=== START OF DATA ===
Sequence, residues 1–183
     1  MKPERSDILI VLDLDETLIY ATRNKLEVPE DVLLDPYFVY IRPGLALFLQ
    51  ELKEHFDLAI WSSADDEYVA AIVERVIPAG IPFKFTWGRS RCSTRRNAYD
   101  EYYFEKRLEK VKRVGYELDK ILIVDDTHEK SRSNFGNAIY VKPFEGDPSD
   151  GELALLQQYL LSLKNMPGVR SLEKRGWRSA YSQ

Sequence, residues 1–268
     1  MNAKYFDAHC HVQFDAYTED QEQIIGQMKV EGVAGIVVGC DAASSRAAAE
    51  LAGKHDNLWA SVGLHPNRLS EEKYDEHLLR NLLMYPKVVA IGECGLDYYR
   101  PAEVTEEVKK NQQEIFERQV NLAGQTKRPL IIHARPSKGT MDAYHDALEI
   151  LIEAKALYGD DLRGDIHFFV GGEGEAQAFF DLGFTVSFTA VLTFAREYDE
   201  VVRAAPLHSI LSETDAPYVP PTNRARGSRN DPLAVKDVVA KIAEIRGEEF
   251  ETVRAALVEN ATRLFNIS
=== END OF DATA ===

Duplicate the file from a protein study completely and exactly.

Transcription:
Sequence, residues 1–183
     1  MKPERSDILI VLDLDETLIY ATRNKLEVPE DVLLDPYFVY IRPGLALFLQ
    51  ELKEHFDLAI WSSADDEYVA AIVERVIPAG IPFKFTWGRS RCSTRRNAYD
   101  EYYFEKRLEK VKRVGYELDK ILIVDDTHEK SRSNFGNAIY VKPFEGDPSD
   151  GELALLQQYL LSLKNMPGVR SLEKRGWRSA YSQ

Sequence, residues 1–268
     1  MNAKYFDAHC HVQFDAYTED QEQIIGQMKV EGVAGIVVGC DAASSRAAAE
    51  LAGKHDNLWA SVGLHPNRLS EEKYDEHLLR NLLMYPKVVA IGECGLDYYR
   101  PAEVTEEVKK NQQEIFERQV NLAGQTKRPL IIHARPSKGT MDAYHDALEI
   151  LIEAKALYGD DLRGDIHFFV GGEGEAQAFF DLGFTVSFTA VLTFAREYDE
   201  VVRAAPLHSI LSETDAPYVP PTNRARGSRN DPLAVKDVVA KIAEIRGEEF
   251  ETVRAALVEN ATRLFNIS